The students will begin to hone in on specific interests tied to the priority areas as they explore them in the Humans of RVA and VCU course, as well as a subsequent class called Investigative Inquiry, in which students will receive “engagement points” by participating in activities in the Richmond community.
“They can go to the theater, they can work at a food bank, they can volunteer at a school,” Prichard said. “There's all kinds of things they can do, but all of them will revolve around learning and making our community better.”
By their second year, the Honors students will further define their areas of interest. They will participate in “mocktail hours” with leaders from Richmond’s business, political and nonprofit sectors to learn more about the issues and problems facing the community.
“During these mocktail hours, we hope what those people will be doing is saying, ‘Hey, here's a really big problem that we see,’” Prichard said. “For example, you might have somebody who comes from [the community] and says there are a lot of people who want to work, but they don't have access to transportation that would get them where the jobs are.”
They want to make change. They want to feel that they've had an opportunity to make a difference.
In the third year, the students will begin making plans for their capstone project, tackling a problem within a priority area facing Richmond. And in their senior year, they will implement the capstone and present it at the end of the year.
“Students like the chance to do things. They want to be involved. They want to make change. They want to feel that they've had an opportunity to make a difference,” Prichard said. “What sets our students apart is that they want to come in and they want to do something a little different. They want to take some ownership over their education. And they want to branch out and try things early on. They want to combine their personal desire to do well with a desire to really do things and make change.”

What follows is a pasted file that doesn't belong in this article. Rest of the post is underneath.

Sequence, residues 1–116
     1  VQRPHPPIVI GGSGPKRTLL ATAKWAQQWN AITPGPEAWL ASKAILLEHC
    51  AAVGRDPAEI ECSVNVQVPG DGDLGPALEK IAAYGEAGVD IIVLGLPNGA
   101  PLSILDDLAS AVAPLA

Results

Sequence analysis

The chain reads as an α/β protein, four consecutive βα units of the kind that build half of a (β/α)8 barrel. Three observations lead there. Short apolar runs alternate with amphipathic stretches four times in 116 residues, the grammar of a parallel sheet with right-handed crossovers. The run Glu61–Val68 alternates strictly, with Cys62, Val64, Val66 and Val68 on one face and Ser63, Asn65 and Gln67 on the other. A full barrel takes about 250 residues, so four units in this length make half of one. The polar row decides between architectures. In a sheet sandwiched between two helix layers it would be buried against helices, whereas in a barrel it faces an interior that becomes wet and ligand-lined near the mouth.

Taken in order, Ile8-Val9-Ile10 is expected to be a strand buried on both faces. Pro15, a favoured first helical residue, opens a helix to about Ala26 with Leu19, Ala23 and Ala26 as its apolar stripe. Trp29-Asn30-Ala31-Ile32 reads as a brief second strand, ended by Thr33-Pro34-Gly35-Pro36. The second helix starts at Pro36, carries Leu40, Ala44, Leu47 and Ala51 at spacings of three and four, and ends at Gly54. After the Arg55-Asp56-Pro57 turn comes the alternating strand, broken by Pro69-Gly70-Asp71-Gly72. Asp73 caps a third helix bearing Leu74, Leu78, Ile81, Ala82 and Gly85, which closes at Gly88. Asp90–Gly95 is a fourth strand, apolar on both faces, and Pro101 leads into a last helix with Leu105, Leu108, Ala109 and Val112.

Over the four years, Honors students also will take a number of electives that lead them toward, or inform, their capstone projects.
“You could easily see that a student might say, 'As part of our capstone, we're going to be doing a tremendous number of presentations,’” Prichard said. “So I might take an Honors topics course on creating professional presentations in order to deliver what we want to do.”
Students will be required to select a course centered on diversity. This course can be about diversity directly, such as a class on issues related to race, class and gender. But it could also explore diversity of thought. For example, a student majoring in biology might choose to take an Honors humanities course. A guiding principle of the new Honors curriculum is to give students more agency and authority over their education, allowing them to grow and build out of their own experience.
“Our tag line for the VCU Honors program is ‘Defining Experience,’ and we expect that to have a double meaning. Being in the Honors College will be a defining experience for you. But we also mean that you're going to be in charge of defining your experience here,” Prichard said. “You get to decide just how meaningful and deep this is for you.”
The idea, she said, is that the Honors College will serve high-achieving students from across the university who want new experiences, who want to put their education into practice as they are learning, and who want to be a part of the community.
“There will be lots of opportunities for research and community engagement for trying on learning in a different way, for students in the humanities and sciences, in the arts and beyond,” Prichard said. “We want to be more holistic. We want to encourage all kinds of students who are high achieving to try on some of the opportunities that we hope will be made possible through this new curriculum.”